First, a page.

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Math Help - Don't know what to do here, recursive problem

  1. #1
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    Don't know what to do here, recursive problem

    The succession [Xsubn] is defined as

    Xsub0 = 0, Xsub(n+1) = Xsubn + n(n+1)

    Show that Xsubn = (1/3)(n-1)n(n+1).

    I am assuming I am not allowed to use what I am demonstring as part of the proof. No clue what do despite staring at it for 15 minutes.
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  2. #2
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    Hi,

    x_0 = 0, x_{n+1} = x_n + n(n+1)
    and we have to prove x_n = \frac{1}{3}(n-1)n(n+1).

    We proceed by induction:
    n=0 .. x_0 = \frac{1}{3}(0-1)\cdot 0\cdot (0+1) =0 so the base case holds.

    suppose the statement holds for n and let's prove it holds for n+1:
    x_{n+1}= x_n + n(n+1) = \frac{1}{3}(n-1)n(n+1) +n(n+1) (by induction hypotheses)
    = n(n+1)(\frac{1}{3}(n-1)+1) = n(n+1)(\frac{1}{3}n+\frac{2}{3}) = \frac{1}{3}n(n+1)(n+2)
    =\frac{1}{3}((n+1)-1)(n+1)((n+1)+1) so the inductive step is done.
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  3. #3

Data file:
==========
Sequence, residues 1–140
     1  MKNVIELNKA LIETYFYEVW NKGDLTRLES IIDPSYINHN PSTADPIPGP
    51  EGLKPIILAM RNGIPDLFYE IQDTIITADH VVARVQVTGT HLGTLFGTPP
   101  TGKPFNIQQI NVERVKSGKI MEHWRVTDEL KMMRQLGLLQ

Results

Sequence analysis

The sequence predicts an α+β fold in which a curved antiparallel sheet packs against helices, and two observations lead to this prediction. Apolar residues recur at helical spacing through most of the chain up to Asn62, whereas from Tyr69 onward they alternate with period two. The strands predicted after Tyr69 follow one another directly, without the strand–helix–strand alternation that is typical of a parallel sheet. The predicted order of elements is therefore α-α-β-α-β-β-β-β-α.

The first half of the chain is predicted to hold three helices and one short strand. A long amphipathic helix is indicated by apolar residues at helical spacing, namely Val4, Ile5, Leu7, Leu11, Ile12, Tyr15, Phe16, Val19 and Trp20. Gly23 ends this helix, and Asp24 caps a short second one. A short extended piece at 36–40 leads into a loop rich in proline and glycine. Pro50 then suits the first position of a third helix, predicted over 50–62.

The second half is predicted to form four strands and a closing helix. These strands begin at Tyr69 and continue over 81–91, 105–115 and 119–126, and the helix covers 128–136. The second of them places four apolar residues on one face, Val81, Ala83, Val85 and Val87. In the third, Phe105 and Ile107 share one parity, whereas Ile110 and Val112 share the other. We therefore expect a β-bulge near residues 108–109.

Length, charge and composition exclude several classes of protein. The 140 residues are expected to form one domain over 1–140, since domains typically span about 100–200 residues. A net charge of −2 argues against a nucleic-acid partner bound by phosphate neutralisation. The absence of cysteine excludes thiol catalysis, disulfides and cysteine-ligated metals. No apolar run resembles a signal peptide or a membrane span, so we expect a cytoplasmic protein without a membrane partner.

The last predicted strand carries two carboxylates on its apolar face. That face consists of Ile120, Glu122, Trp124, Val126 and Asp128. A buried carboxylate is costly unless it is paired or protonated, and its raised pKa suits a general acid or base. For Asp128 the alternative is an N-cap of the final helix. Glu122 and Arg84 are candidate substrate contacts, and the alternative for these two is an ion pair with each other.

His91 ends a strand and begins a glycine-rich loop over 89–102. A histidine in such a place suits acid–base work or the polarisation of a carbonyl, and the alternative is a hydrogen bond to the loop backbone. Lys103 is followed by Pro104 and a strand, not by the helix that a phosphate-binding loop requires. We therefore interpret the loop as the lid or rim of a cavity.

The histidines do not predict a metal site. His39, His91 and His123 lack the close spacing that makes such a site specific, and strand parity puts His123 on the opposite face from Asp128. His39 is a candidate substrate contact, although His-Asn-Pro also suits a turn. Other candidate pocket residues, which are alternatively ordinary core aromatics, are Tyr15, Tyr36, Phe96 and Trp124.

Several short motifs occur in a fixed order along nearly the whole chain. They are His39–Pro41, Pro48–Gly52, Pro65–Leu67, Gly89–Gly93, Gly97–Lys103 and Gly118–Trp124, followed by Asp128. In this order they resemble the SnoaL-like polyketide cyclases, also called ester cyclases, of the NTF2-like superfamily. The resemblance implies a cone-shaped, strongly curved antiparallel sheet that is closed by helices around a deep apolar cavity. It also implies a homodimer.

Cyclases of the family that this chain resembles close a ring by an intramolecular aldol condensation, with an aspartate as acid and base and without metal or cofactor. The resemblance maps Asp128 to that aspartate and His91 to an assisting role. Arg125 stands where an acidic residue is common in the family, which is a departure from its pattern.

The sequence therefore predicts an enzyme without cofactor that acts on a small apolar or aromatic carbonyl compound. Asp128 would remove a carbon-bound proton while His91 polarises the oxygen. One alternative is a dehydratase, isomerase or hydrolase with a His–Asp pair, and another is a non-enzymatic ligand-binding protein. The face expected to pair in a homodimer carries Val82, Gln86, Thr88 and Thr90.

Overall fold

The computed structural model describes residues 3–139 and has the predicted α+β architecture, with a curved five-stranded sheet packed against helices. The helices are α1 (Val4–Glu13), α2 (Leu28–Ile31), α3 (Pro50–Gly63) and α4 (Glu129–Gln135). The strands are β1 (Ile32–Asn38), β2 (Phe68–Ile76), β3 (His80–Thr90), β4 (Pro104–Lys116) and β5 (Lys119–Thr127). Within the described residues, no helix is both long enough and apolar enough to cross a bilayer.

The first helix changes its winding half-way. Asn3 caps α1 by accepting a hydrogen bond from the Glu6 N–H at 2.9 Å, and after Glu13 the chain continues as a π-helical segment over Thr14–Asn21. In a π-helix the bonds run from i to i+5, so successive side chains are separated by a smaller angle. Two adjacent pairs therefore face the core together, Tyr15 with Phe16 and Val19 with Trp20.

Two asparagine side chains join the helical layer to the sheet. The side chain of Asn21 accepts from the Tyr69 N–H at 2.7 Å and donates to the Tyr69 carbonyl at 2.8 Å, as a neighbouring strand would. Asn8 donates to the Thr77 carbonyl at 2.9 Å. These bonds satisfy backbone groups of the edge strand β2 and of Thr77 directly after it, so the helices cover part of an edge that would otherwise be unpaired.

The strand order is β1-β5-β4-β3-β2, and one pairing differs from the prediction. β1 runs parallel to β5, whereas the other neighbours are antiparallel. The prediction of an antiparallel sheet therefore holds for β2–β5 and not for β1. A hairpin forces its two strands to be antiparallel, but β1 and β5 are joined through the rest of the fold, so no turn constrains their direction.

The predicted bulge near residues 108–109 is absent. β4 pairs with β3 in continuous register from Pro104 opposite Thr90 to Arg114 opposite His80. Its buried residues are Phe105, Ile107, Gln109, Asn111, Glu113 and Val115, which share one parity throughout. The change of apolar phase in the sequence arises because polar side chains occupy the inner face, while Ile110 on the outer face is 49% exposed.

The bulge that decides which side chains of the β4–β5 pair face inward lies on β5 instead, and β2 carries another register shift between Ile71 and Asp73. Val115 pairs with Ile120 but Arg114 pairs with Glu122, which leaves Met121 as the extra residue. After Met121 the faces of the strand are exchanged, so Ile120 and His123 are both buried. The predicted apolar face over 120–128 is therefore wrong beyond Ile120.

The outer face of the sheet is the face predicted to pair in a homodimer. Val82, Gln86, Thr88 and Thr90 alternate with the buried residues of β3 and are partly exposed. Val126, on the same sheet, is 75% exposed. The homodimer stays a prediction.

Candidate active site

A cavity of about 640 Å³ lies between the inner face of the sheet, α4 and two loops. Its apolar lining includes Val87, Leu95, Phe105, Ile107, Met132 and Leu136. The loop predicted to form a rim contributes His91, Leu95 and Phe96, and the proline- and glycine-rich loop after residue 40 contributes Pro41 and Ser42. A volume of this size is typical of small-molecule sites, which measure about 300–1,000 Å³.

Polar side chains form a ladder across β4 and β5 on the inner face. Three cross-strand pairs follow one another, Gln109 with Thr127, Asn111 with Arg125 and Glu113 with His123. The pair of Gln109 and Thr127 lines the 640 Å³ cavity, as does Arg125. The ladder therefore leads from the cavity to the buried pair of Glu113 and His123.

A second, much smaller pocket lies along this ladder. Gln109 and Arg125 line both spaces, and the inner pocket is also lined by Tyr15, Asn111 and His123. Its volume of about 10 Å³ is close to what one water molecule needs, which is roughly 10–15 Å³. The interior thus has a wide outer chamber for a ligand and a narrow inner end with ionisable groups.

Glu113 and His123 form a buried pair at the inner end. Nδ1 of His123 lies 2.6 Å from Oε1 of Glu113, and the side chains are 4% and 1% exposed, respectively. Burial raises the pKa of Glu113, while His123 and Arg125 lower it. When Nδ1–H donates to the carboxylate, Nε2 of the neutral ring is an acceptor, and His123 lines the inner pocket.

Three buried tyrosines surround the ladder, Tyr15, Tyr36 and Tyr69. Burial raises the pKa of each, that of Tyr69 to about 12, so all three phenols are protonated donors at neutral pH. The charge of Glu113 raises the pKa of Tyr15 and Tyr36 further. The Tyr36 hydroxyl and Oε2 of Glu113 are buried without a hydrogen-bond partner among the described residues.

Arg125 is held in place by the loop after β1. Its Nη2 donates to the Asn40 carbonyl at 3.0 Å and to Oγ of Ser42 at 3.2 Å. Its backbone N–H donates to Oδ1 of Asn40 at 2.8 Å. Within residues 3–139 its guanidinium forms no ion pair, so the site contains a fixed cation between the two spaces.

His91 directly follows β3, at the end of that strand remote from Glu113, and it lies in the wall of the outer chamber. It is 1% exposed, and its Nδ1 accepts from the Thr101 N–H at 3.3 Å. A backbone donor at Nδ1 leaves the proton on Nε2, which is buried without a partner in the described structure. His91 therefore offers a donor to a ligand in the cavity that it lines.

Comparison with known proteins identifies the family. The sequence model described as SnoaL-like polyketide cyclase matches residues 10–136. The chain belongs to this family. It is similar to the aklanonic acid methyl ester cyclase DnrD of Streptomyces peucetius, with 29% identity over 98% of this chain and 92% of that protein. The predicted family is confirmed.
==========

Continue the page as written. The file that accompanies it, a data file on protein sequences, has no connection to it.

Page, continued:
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    My mistake was thinking you can't use the statement your trying to prove. But with induction you can. Thanks.
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  4. #4
    MHF Contributor

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    Angry

    But it is perfectly valid to show that what you are given is a solution to an equation by putting it into the equation.

    For example, it would be very difficult to solve x^5- 6x^2- 3x- 2= 0 but it is very easy to show that x= 2 is a solutions: [tex]2^2- 6(2^2)- 3(2)- 6= 32- 24- 6- 2= 0.

    Similarly, here, you are not asked to solve the recursion, just to show that x_n= \frac{(n-1)n(n+1)}{3} satisfies it. And that is basically what Taluivren did.
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